So we should have been applauding and defending the Government's decision earlier this week.  Unfortunately in their efforts to try and position the cuts as only affecting the rich they wound up producing changes that were deeply flawed and profoundly unfair.  Those problems are becoming more apparent over time.


Allister Heath, editor of City AM, summarised the two biggest problems earlier this week:



"Imagine your neighbour and his partner are making £43,000 each (a family total of £86,000) and have one child. They will keep their benefit, worth £1,000. Imagine that you are on £43,876, with a stay at home partner who doesn’t work and two children. You will lose your child benefits, worth £1,750. How is that just?

Families with a stay at home parent are already discriminated against because the tax free allowance isn’t transferrable. To go back to our example, a couple relying on one earner on £86,000 pays far more direct tax than a couple relying on two earners on £43,000 each, who benefit from two separate zero-rated allowances. The change to child benefits will make this worse. What is really needed is family-based, not individual based, accounting.

There is another major issue. Imagine this time that you are just below the 40 per cent tax rate. Your boss offers you a promotion and a pay rise of £1,000 – astonishingly, rather than celebrating, you will refuse. As the Institute of Fiscal Studies points out, a family with two children receives £1,750 a year in child benefit. A one-earner couple with two children with a gross income of £43,876-£46,850 would be worse off than if their income were £43,875. Crazy. A one-earner couple with an income of £43,875 would need a pay rise of £2,975 to ensure they were no worse off after paying direct tax and losing child benefit. This doesn’t make sense – especially given that Osborne wants to eradicate perverse anti-work incentives elsewhere in the system."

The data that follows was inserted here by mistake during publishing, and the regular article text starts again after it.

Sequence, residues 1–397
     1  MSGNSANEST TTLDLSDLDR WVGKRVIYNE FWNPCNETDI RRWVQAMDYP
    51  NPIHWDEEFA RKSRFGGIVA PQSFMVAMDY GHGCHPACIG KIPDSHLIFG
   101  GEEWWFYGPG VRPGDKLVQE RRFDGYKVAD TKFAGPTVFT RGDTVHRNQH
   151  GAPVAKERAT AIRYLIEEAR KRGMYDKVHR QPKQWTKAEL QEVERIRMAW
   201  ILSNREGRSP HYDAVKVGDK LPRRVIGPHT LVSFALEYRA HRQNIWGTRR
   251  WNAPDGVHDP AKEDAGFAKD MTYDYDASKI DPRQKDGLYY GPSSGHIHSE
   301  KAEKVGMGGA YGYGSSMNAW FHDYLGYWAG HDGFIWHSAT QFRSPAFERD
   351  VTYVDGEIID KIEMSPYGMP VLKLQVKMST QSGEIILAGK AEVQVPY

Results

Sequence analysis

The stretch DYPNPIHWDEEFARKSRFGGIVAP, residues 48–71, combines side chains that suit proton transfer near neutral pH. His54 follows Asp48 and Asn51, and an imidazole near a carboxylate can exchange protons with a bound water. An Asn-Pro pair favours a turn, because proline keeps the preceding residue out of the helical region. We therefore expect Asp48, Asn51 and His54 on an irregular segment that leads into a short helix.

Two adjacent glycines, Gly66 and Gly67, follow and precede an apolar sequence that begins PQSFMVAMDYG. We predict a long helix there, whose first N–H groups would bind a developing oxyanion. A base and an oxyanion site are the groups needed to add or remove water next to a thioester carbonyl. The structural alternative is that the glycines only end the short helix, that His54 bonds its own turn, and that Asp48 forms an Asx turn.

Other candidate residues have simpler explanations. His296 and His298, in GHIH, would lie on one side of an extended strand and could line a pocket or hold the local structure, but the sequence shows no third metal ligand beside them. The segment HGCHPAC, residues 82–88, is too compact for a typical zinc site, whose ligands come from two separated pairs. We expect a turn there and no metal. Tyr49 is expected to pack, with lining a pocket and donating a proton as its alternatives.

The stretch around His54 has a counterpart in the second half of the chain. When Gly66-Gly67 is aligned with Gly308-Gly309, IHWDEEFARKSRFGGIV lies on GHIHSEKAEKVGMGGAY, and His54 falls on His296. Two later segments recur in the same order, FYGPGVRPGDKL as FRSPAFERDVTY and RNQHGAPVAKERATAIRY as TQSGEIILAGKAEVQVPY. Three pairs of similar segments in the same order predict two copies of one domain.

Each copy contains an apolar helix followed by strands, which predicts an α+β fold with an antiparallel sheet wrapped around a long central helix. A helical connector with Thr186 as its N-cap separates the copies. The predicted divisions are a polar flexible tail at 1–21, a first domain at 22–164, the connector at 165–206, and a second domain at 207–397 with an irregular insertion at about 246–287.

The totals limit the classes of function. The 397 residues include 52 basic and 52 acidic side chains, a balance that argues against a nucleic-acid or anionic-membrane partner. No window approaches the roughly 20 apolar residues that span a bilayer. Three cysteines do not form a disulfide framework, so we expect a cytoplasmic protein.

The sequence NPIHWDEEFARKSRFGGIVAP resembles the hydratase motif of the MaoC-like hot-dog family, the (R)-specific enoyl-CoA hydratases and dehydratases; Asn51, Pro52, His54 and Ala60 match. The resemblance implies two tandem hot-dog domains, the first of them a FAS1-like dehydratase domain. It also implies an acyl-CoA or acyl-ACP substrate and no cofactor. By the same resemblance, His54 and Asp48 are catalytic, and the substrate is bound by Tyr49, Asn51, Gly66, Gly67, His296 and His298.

More problems are emerging rapidly.  In a blog for the Telegraph Ian Cowie write about how salary sacrifice schemes can be used to keep your Child Benefit:



"Leasing cars for yourself and family members, medical insurance, childcare vouchers and holidays are among the things you can buy direct from your gross salary to beat the Child Benefit cutbacks  – as well as staying on the right side of important new tax and National Insurance Contributions (NICs) thresholds that take effect next April.

[...]